You left us two years ago. You would have been 103 this year. There isn’t a day that goes by that I don’t think about you, or something that is a representation of you.
My memoir of you is not one of a kind old grand-pop that doted on his family. No, instead, when you died, the nurses in your care home commented that you had been such a sweet, old man. My mom and I had looked at each other skeptically, and then checked the paperwork to make sure we were talking about the same man.
Because of you….I learned to deal with difficult people, and maybe even a little alarmingly, created the false impression that difficult men can be won over by sheer love and affection simply because, in spite of the fact that you were a workaholic, game cheater, violent alcoholic, bully, and an irregular person with an acerbic personality to the rest of our family and the rest of the world, I was your sweetheart. I was the one who, even when you hated the words that were spoken to you, and the decisions that were made for you….when I was the one that shared them with you, you grudgingly agreed, and treated me with respect and admiration; and maybe even love, impressed that I didn’t let your bull**** intimidate me or push me away.
You truly were a self made man, and your extreme value of education fueled not only my love for, but also my expectation for myself, of being a lifelong learner. It’s why, even now, I have dedicated the next four years of my life to get my doctorate; because one day, in a drunken hush of yours, you told me that I would never max out my potential until I had a PhD after my name, that you would be proud of me if I accomplished that goal. Because you knew the value of hard work, having worked your way up from mailroom boy at Wells Fargo, to VP of Western Operations.
Your love for travel and for the Sierra’s, particularly the Stanislaus National forest, has become a key backbone of who I am. Whether we were playing our weekly Scrabble game, or you were treating me to Chinese food, the times we went “deer hunting” to count the number of deer we saw on some God-forsaken wilderness logging road, or me calling some investment company for you and being surprised that the receptionist greeted me with, “welcome to the million dollar club, how can I help you?” ( a millionaire? You dressed like a longshoreman), seeing that no matter how dysfunctional you were in some ways, you were still an accomplished man ( the gift of money and math you did NOT pass on to me) and as someone who only ever “paid in full with cash”, who you were, and who I was TO YOU more importantly, played a crucial role in me becoming the person I am today.
Sometimes, I have learned, that you become who you are meant to be not just from those around you who LIVE righteous, holy lives, but you grow by parts of you being forged by rubbing up against those who chisel and grind us rather than hold and bind us.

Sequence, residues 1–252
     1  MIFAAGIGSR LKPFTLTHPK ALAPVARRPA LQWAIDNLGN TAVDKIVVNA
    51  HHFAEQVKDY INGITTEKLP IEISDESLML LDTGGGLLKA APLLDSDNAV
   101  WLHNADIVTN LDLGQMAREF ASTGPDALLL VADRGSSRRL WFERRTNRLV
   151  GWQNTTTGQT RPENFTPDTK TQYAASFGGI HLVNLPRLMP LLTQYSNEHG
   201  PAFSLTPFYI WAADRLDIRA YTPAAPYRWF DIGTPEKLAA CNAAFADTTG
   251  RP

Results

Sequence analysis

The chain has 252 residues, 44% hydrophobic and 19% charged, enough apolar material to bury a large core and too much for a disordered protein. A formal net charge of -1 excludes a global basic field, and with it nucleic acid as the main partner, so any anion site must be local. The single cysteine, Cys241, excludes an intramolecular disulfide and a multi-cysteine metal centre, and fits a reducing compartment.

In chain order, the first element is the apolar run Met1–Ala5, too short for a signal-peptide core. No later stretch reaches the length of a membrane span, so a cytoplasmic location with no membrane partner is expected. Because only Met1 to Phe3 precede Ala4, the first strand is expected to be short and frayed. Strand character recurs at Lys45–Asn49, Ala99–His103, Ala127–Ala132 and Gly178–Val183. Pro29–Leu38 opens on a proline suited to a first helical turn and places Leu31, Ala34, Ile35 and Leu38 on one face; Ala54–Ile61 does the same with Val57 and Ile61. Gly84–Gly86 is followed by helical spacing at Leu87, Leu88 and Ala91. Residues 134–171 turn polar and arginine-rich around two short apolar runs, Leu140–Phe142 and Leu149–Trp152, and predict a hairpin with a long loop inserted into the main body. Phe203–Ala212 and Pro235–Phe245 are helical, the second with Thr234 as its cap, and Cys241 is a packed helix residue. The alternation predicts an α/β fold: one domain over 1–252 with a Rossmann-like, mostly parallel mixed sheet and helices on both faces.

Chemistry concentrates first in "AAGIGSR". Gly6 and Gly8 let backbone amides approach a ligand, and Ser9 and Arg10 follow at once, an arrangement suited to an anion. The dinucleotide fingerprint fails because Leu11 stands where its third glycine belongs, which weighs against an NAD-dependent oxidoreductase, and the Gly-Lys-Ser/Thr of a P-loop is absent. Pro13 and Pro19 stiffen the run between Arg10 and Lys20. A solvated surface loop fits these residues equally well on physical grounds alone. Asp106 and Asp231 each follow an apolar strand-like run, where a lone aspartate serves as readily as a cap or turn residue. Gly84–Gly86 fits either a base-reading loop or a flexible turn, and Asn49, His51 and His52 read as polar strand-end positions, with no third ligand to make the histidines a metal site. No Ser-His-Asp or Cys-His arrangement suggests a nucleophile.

Our family has always joked that you reminded us of a blue jay, cocky, always squawking, a bit arrogant, lover of pine trees…. and with your hair, when uncombed, cocked upright in a blue jay’s fashion. Ironic, since you loved birds, always had Audobon books laying around, and knew the scientific name of every bird between here and the equator. Of all the birds that could have been chosen, you seemed to embody the somewhat annoying character of the Stellar blue jay.
The symbolism of the blue jay represents
All of these reflect you perfectly.
….It was last summer, as I sat on the porch of mom and dad’s house, the cabin that used to be yours, that a certain blue jay seemed to be talking to me. Whenever I went outside, it would come and sit on the porch railing, yakking and yakking. When I went out to the front of the cabin, it would follow me, like it was trying to give me a message.
On three different occasions, over the course of three months, this jay would come to me. The third time around, something became aroused in my spirit, a sense of familiarity…. of home, an odd scent of vanilla tobacco and Irish Spring soap; the comforting texture of frayed flannel; the vibrant blue of feathers, ironic being that since you were colorblind, the only color you COULD see was blue; and the taste of Chinese food and Baskin Robbins, all places I remember you taking me as a young child.
And then, out of nowhere, I knew it was YOUR spirit. It was you. You were there with me. In that fleeting moment. It was like I could reach out and touch you. In that one second, a lifetime of memories filled my psyche, making time stand still. And while I’ve never been a believer in those we love coming back to love us, between worlds, I know that day that I was in the presence of something far more embracing than a snarky neighborhood jay.
For whatever reason, I’m glad that you came to me that summer. I’m glad I had one last chance to sense your presence. For in the more time that has passed since you left us, every day the more deeply your legacy imprints me.
So this tattoo is for you. A blue jay feather. On my wrist. So that no matter where I go, I am reminded that just maybe, you see me.
This song will always remind me of you, Carrie Underwood, “See You Again”.